Before she left home, Hera'emperatrize "Trize" Gipson gave her three younger siblings a big hug goodbye. Then her dad took her to HISD headquarters to meet up with dozens more Houston teenagers headed on a five-day college tour in New England.
“This is my first time going on an airplane, so I'm, like, really nervous,” Trize said, as she clutched a fuzzy blue stuffed dolphin – her pillow pet – and her Tweety Bird blanket. “I kissed all of them and let them know I love them and everything, like, ‘Ok guys! I'm really nervous but I'll let you know about the trip once I get off!'”
At HISD headquarters, Trize, her dad and all the other families had a second goodbye. It's called a despedida in Spanish.
“Despedida, it means send-off, congratulations,” said Trisha Cornwell, director of EMERGE, a college advising nonprofit that connects high achieving students from low-income communities to top tier colleges. Research shows that these students are often overlooked in the admissions process.
Cornwell said that they want to include parents in their kids' college journey way before graduation and also create a community among parents going through the same experience. For many of the students, a summer college tour is their first time away from their families, outside the state or on a plane. In some ways, it’s practice for what’s coming.
“We know that if we're going to convince more students to test out schools outside the city, we have to think of this as a family decision and not a student decision,” Cornwell said.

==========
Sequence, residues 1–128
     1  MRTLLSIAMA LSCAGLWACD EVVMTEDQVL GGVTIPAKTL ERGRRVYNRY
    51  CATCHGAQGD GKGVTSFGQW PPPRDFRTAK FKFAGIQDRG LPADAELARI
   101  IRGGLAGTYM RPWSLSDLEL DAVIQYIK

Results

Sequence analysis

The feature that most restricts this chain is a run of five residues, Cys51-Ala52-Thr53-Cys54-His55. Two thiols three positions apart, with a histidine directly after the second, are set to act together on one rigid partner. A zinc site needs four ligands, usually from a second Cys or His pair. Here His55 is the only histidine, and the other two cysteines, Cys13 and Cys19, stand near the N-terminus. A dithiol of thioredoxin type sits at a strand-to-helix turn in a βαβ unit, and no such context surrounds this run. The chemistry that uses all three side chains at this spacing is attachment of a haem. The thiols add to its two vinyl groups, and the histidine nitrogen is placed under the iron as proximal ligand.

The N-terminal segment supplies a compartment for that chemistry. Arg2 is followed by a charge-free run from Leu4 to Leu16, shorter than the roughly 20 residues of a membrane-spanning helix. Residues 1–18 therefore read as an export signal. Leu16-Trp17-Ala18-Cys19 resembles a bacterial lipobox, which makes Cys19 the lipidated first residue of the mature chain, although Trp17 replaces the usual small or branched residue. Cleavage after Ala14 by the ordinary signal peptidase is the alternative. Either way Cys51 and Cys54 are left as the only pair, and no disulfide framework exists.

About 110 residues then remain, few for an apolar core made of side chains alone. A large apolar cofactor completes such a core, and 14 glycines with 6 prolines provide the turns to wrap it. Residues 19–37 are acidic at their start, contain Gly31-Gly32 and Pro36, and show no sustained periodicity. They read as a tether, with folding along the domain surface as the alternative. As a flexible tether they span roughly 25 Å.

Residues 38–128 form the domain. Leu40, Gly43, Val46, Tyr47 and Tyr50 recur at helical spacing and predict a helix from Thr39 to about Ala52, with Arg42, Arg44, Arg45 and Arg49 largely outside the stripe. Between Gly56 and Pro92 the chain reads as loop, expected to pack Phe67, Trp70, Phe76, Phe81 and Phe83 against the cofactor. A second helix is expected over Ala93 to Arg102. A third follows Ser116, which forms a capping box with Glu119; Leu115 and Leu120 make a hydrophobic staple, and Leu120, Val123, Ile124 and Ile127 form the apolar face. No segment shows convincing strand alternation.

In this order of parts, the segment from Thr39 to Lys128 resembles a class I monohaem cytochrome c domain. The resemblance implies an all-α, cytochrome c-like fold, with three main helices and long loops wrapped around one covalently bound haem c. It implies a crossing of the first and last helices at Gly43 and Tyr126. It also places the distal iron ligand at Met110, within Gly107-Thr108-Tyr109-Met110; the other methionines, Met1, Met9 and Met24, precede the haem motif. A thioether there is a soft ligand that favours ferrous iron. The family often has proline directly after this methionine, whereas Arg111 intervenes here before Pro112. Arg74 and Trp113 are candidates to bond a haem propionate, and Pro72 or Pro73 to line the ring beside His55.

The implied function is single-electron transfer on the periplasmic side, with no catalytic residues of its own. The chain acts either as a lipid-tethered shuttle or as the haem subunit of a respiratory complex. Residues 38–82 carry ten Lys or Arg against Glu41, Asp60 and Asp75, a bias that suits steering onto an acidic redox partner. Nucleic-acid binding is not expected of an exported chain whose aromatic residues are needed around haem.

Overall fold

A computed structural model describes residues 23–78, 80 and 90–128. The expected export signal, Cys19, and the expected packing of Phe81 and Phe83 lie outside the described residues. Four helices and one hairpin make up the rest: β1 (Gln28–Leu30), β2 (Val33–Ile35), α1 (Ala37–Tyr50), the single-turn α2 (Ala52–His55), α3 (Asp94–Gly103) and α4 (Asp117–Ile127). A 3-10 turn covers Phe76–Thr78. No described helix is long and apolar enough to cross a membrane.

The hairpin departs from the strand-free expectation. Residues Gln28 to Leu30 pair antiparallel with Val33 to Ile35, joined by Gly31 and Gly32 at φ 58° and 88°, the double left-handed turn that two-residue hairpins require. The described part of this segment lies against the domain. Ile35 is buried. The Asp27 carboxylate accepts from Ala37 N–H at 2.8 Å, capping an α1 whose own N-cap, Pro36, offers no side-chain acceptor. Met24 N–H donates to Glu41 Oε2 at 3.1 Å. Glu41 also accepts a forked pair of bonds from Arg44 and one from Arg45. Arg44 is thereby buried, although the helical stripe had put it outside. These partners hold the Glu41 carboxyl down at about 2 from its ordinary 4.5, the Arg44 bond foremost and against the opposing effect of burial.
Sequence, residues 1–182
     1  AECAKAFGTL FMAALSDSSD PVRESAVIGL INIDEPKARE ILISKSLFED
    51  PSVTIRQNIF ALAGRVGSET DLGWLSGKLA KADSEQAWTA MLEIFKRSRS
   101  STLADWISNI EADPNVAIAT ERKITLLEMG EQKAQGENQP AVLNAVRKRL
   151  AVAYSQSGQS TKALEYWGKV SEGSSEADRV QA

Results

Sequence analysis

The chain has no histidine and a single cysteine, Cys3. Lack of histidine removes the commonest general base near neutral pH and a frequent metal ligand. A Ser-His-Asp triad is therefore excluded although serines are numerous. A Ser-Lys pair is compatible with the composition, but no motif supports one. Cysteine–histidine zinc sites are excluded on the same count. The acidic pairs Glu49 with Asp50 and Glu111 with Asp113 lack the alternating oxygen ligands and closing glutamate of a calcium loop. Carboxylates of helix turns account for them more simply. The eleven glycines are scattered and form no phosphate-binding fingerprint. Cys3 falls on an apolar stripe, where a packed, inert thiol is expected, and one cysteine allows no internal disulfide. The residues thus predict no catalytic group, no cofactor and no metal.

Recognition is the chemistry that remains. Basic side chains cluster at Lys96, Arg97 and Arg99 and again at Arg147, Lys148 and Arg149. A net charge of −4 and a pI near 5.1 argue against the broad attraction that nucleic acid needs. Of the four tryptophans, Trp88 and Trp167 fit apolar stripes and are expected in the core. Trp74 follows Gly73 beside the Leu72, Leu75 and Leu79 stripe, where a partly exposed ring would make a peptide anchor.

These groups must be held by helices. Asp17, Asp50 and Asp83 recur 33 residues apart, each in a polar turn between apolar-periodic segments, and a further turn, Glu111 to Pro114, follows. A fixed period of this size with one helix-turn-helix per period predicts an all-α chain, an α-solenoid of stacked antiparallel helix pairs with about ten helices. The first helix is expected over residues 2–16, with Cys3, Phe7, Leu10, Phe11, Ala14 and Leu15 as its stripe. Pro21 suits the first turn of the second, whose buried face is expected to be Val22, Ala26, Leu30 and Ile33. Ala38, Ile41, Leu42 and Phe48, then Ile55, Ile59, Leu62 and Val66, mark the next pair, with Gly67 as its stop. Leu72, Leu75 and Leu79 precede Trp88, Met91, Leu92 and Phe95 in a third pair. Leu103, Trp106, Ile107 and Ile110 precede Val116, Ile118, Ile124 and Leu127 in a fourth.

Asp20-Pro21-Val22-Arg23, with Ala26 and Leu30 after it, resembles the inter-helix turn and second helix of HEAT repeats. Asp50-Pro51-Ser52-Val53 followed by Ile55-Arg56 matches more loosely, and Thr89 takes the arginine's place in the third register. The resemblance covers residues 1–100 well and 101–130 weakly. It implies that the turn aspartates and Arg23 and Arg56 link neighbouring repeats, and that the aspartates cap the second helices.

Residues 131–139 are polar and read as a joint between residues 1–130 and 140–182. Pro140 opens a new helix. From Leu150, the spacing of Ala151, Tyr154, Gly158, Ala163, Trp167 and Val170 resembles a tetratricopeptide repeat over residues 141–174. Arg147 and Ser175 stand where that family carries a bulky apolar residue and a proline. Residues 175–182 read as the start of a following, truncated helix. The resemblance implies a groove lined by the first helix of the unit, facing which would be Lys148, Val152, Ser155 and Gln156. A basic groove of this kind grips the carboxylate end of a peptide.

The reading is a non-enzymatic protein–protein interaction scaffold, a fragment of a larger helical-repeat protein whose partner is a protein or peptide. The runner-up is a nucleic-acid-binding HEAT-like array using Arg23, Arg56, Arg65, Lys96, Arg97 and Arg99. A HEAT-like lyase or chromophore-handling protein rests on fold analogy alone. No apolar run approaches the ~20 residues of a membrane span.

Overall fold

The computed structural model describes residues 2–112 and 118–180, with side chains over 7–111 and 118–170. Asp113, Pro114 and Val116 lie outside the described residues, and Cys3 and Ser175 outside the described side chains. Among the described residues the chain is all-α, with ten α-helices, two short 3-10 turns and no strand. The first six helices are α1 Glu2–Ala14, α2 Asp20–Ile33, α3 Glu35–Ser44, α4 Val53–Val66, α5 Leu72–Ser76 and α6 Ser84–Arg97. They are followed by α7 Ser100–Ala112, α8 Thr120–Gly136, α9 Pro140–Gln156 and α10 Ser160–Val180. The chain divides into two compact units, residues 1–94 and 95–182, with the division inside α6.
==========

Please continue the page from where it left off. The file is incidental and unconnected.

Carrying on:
That’s why EMERGE started holding despedidas for teenagers headed on college tours last summer.
This past Sunday, dozens of parents and family members lined the hallway of HISD's headquarters.
They cheered and held up handmade signs with messages like ‘We Love You’ and ‘Good Luck’ as their kids rolled their suitcases down the hallway to the white bus waiting in the parking lot to take them to the airport.
Trize's dad Broger Gipson gave her one more hug. He said that he’ glad she's getting this experience, but had mixed feelings, just like his 16-year-old daughter.
“I'm a bit nervous because she's going far from me and anytime she goes far from me I'm always worried,” Gipson said. “I’m hoping that she gets a chance to learn something, that’s not only just educational for herself, but for schools and different other things … Of course, when she comes back she’s going to tell me every full detail, from day one to day last.”
Maybe in two years, Trize, who’s a junior at Kashmere High School, will go to college in New England, instead of her current top choice of Texas A&M University.